In 2018, Ben travelled to Abbotsford, British Columbia, Canada for the World Scientific Congress of Golf. With an delegate mix of academics, golf coaches and support professionals, Ben presented two papers on his golf research, one of which has influenced the drive to create the AMI Sport: Golf app. The paper, titled ‘Practice and tournament volumes of young golfers in regional and national squads’, sought to understand the influence of practice and competition volumes on handicap. Here is a summary of the presented paper and the full paper can be viewed here
We know that practice plays a part in determining skill development, expertise (Ericsson & Pool, 2016; Baker et al., 2003), levels of creativity (Memmert et al., 2010) psychological preparation, increases in novice golfers’ gray matter (Bezzola et al., 2011), and decision making (Baker et al., 2003) – all important attributes for a golfer. However, there is currently little empirical research demonstrating the amount of practice golfers conduct on a session to session, weekly, monthly, seasonal or annual basis and the impact this can have on their handicap. Previous research has suggested that deliberate practice can explain some of the variance in performance levels (Macnamara et al., 2016). However, with a paucity of golf specific research in this area, it is important to establish the volumes being undertaken and the impact of those volumes on the golfer’s ability.
This initial study aimed to establish the practice and tournament volumes of young golfers involved in a national governing body’s development programme and investigate how practice volumes influence handicap.
The data collection and analysis revealed long game practice volumes to be a small but significant predictor of handicap change (R2= .041). However, this result should be applied with great caution as this is a small predictor amongst many other variables that can influence golf performance and reduction in handicap.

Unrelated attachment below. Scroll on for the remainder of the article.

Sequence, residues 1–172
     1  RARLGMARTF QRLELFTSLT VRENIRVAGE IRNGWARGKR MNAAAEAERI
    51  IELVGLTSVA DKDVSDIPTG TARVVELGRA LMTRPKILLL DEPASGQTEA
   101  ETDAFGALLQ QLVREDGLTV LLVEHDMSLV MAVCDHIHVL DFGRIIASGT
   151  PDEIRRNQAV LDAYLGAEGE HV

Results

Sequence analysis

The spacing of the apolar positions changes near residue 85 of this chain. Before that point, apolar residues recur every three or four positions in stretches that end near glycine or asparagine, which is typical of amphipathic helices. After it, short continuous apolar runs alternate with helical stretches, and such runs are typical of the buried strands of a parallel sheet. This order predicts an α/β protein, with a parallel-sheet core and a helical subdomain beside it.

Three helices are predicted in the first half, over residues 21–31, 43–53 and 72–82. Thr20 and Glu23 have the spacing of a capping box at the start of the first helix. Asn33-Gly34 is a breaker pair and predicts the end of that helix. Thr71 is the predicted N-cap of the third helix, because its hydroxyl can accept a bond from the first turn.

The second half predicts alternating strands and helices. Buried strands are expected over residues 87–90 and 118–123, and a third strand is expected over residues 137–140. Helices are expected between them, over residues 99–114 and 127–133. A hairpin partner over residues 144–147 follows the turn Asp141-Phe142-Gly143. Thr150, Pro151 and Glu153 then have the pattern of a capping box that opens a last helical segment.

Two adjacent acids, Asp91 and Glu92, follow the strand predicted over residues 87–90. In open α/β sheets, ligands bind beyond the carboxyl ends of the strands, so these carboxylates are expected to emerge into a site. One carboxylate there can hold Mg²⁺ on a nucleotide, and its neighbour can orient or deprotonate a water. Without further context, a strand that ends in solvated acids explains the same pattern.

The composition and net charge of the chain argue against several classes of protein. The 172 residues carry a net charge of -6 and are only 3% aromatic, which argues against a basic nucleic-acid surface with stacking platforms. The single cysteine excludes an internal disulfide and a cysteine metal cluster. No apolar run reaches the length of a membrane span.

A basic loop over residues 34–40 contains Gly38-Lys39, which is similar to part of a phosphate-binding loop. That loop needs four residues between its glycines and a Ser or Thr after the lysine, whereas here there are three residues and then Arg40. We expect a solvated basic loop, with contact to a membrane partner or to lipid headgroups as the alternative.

There is currently no evidence that provides individualised practice and tournament volume thresholds with regards performance or injury for any golfers, most notably for those striving for progression through regional and national squads. With large fluctuations in volumes seen across the golfers in this sample (n = 111 regional and national squad golfers; Males n=68, Females n=42; Age=16.21 ± 1.69 years; Initial hcp=3.62 ± 3.45 strokes; Final hcp=1.77 ± 2.91 strokes), it is clear that each golfer currently employs an individual approach to practice. Average monthly total volumes can be dictated by the time available to the golfer. The results showed significant differences in average monthly volumes between January compared to April and July, and also between May compared to April and July (pictured). With many of those on the performance programme facing academic examinations during May and June it is apparent that this could have impacted upon their practice and tournament volumes. The Easter break often provides the first opportunity of the year for tournament golf in the UK, with this falling in April during the data collection it is unsurprising that the total volumes here and in the summer month of July were significantly higher than at other times of the year.
The fluctuations in volume seen here highlights that some young golfers may need support in structuring effective practice and tournament scheduling to aid handicap improvements. PGA Professional golf coaches and other support staff should facilitate the monitoring and structuring of practice / tournament volumes whilst taking into account the impact of other external factors (e.g. academic pressures).
Further data collection and analysis is required over the next 5-10 years to establish the longer-term impact of recorded practice and tournament volumes in no only young golfers, but of all ages. It is vital that future research informs coaches, junior development organisations, parents and golfers of the impact workloads from golf and training can have on performance (e.g. handicap), wellness and also the occurrence of overuse injuries and golfing performance. With more and more golfers logging their data and consenting to its use in anonymised research we are starting to understand more about the practice and training behaviours of golfers. As we establish new trends and significant influences on fatigue, performance, and wellness the AMI team will post updates on the research blog. Your data is helping us to establish how you can further help to optimize yourself alongside your golf and S&C coaches and wider support team.